It allows the president to appoint a board of inquiry to investigate union disputes when he believes a strike would endanger national health or safety, and obtain an 80-day injunction to stop the continuation of a strike.
- It declares all closed shops illegal.
- It permits union shops only after a majority of the employees vote for them.
- It forbids jurisdictional strikes and secondary boycotts.
- It ends the check-off system whereby the employer collects union dues.
- It forbids unions from contributing to political campaigns.
The act also required union leaders to take an oath stating that they were not communists. Although many people tried to repeal the act, the Taft-Hartley Act stayed in effect until 1959 when the Landrum-Griffin Act amended some of its features. Prior to the enactment of the Taft-Hartley Act of 1947, 61 Stat. 140, 8(3) of the Wagner Act of 1935 (NLRA) permitted majority unions to negotiate “closed shop” agreements requiring employers to hire only persons who were already union members.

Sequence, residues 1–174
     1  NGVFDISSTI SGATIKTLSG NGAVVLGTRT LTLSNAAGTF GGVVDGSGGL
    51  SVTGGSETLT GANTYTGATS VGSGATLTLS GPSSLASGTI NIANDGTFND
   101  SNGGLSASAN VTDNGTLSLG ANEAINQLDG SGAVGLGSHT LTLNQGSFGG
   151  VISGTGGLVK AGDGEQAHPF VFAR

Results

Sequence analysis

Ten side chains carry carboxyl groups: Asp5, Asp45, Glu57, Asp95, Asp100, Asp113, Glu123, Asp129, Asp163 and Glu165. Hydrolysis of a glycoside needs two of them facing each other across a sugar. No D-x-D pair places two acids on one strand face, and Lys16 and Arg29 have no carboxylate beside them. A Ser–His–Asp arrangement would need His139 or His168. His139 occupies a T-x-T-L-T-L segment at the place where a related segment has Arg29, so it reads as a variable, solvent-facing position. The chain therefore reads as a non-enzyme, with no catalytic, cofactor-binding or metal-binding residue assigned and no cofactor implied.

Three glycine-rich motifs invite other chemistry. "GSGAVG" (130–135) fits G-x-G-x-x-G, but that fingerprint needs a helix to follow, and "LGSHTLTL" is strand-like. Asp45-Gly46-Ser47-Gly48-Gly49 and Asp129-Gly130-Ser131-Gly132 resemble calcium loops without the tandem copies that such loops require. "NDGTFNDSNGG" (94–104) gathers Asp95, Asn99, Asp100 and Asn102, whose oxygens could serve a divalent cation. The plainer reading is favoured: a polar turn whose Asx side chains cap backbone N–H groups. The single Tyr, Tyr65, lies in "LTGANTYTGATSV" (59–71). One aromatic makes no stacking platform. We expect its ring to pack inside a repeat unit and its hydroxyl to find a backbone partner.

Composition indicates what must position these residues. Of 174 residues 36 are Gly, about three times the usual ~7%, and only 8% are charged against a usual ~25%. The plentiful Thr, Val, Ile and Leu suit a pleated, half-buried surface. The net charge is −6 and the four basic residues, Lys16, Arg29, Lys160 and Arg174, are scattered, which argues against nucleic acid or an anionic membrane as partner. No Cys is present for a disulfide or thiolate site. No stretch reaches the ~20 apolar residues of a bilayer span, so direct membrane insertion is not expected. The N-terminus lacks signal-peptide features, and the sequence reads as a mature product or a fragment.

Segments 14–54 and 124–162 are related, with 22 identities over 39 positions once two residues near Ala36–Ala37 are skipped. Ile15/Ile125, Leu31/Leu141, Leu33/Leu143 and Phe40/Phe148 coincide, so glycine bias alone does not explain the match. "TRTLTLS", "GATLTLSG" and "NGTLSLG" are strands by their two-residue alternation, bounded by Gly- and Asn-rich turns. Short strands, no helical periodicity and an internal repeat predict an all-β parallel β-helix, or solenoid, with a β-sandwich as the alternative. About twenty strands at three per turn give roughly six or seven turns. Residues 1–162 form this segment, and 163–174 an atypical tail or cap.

Any resemblance between my grandfather and his much older cousin ends at the portrait. Grandpa was a conservative. His daughter – Mom – was more moderate, except when it came to labor unions. When the drivers of the bus company organized a union and went on strike, she refused to join. The bus drivers tried to stop her bus from leaving the yard and got physical. At one point, she and a union member were on the bridge leading into the bus yard. The union gal wouldn’t let her over the bridge. So my mother challenged her.
“You wanna fight? Let’s fight, then!” Mom, being bigger, had every intention of throwing the other woman over the side of the bridge and into the stream (it was only a few feet down). My mother complained to the police, but they refused to get involved.
“We’re union, too,” the officer said. Mom pointed up to the American flag waving over the police station.
“You see that flag?” she thundered. “That’s the American flag. That makes you American first, before union. And that means that you have to protect me. It’s your duty to protect me so I can go to work. My right as an American to go to work and your duty to protect me as police officer comes before your union solidarity.”